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CenturyLink trying to find out who caused major outage

Elise Thatcher

CenturyLink is investigating who the perpetrator was that caused thousands of its Roaring Fork Valley customers to not have cellular, landline or internet service for more than 16 hours on Tuesday and Wednesday.  

CenturyLink received notification at 5 p.m. Tuesday through its alarm system that a fiber cable on County Road 109, south of Glenwood Springs, had been damaged and causing an outage from Carbondale to Aspen. CenturyLink technicians worked through Tuesday night to locate the damaged cable, finally finding it at 5a.m.

Service was fully restored at 9:45 a.m. Wednesday. But during that time, customers of CenturyLink in those areas were not able to call 911 if there was an emergency, particularly if they had Verizon or AT&T as cell phone carriers. “Any time we have an outage we work very hard to gather all the information we can about why it happened and how it happened,” says CenturyLink spokesperson Sara Spaulding. “We’re certainly going to be investigating why this happened but as to any other information I just don’t have that.”

Credit Elise Thatcher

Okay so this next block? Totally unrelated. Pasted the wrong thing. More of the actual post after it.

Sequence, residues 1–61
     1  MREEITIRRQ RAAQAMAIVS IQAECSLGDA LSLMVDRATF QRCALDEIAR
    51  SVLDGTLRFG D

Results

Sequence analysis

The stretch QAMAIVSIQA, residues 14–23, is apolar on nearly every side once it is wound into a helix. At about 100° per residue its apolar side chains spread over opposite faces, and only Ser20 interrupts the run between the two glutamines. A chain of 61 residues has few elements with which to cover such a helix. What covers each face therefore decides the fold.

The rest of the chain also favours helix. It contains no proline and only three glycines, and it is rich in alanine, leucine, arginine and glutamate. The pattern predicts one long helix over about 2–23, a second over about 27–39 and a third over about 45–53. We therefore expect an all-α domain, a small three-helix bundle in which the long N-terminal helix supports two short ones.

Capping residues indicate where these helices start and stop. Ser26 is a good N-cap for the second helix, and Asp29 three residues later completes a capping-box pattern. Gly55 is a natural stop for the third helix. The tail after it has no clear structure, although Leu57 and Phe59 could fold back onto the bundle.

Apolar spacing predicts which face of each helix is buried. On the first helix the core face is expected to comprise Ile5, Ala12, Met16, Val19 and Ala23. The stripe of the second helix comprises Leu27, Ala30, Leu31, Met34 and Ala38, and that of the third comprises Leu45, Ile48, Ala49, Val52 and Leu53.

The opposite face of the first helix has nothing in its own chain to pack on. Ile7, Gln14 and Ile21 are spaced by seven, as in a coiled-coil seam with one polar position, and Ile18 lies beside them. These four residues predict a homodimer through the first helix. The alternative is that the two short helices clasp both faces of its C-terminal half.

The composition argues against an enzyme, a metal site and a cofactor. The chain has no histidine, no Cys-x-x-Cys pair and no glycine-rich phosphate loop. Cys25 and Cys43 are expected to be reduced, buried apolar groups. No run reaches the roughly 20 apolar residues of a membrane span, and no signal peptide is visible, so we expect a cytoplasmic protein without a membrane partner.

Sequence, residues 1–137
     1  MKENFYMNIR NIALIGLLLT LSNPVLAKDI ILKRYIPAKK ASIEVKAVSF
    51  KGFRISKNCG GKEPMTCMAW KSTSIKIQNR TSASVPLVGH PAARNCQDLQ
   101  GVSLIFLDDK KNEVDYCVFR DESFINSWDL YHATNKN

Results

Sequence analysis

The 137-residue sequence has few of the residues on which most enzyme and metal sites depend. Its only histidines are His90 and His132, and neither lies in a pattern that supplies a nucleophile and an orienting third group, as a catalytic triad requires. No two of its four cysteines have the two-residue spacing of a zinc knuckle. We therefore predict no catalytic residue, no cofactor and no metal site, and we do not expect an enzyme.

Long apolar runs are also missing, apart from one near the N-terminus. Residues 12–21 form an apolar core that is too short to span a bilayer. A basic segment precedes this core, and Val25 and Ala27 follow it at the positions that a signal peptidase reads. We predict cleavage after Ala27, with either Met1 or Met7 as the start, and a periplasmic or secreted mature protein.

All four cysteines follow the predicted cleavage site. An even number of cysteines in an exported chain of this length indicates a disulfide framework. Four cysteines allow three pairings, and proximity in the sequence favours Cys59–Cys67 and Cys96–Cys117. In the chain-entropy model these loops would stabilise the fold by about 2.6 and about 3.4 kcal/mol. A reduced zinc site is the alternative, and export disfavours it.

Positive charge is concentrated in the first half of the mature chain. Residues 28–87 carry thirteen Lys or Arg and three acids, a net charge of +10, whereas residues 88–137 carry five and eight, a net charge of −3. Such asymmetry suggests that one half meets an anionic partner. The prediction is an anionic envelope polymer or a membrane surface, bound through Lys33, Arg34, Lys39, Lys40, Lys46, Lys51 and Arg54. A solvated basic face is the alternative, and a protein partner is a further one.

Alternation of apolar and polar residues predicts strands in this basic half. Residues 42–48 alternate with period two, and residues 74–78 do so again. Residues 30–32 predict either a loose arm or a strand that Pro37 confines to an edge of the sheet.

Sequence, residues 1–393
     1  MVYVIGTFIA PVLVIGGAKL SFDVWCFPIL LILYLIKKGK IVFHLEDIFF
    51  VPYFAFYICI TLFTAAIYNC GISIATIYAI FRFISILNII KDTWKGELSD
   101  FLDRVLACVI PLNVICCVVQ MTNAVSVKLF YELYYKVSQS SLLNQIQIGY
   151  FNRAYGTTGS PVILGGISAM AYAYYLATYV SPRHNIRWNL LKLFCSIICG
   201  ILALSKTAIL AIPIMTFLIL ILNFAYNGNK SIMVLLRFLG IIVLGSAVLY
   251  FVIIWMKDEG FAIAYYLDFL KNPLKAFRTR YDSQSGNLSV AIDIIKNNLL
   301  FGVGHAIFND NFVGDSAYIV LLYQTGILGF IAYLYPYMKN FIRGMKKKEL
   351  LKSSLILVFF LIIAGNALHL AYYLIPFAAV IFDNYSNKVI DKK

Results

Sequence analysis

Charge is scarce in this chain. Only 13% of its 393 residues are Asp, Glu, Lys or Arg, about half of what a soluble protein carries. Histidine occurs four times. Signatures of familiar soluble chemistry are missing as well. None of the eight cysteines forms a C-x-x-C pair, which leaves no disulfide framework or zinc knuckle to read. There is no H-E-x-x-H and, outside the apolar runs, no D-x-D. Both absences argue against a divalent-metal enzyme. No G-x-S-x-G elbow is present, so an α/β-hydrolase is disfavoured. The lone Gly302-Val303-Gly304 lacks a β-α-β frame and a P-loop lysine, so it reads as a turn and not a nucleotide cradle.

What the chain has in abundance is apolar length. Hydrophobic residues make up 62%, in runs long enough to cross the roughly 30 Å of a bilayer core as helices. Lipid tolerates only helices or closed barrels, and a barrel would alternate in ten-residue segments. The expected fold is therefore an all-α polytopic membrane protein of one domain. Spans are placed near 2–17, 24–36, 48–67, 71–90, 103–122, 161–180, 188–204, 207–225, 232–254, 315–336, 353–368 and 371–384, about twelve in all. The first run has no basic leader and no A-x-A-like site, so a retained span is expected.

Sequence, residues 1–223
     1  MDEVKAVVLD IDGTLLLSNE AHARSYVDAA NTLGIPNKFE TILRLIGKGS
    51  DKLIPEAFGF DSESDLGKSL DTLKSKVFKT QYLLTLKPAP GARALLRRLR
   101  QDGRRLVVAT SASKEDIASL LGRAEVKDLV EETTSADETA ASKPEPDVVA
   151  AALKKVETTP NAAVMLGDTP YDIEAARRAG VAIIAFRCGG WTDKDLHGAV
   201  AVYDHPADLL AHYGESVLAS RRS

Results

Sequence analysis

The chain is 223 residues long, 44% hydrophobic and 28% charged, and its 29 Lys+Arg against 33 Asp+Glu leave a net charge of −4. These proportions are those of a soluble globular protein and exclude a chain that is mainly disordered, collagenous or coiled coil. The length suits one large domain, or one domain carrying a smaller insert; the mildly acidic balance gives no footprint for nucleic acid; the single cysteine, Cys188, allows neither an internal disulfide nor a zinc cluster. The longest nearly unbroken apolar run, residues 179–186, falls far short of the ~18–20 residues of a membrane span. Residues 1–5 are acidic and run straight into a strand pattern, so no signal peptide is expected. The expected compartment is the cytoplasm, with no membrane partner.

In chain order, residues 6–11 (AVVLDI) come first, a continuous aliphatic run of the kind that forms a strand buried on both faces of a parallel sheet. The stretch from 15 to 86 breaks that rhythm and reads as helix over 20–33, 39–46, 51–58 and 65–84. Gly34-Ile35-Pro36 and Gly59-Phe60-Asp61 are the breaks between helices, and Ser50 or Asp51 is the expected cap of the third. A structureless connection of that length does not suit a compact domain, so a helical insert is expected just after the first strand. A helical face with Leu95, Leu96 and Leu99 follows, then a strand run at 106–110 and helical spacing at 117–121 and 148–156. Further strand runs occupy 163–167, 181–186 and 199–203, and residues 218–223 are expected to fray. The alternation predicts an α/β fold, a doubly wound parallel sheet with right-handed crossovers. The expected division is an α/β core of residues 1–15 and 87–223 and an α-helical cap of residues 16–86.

The site is between turnoffs for the Westbank Mesa and Ironbridge communities.

The third party contractor responsible for cutting the cable is an electrical contractor who has not been identified. Spaulding says it’s company policy to not identify outside contractors. The contractor was not working on a public project, according to Renelle Lott, spokesperson for Garfield County. Lott says she was able to update local law enforcement agencies via Twitter and the state emergency management office.

Pitkin County Sheriff Joe DiSalvo says because no landlines could reach the 911 dispatch center, deputies were deployed to outlying areas in case people needed an officer immediately. Multiple Pitkin County alerts were sent out, asking people to go to the nearest fire or police station if they had an emergency.

The sheriff says the only call for service was an accident involving a vehicle and dog that was killed in Old Snowmass. DiSalvo says this incident is a reminder of how technology can make systems vulnerable. “I’ve never seen this happen before in Pitkin County. I have seen phone outages where we are able to transfer to another center but I have never seen anything like this that prevented us from doing that. People asked me when I briefed county staff … is there anything we can do and you know it’s stuff we are thinking about but short of a bat light I don’t know what we can do. We are incredibly dependent on technology.”

The Aspen Police Department also took to the streets to alert local businesses. A backup phone number was set up early Wednesday as an alternate way for residents to call a cell phone within the emergency dispatch center.


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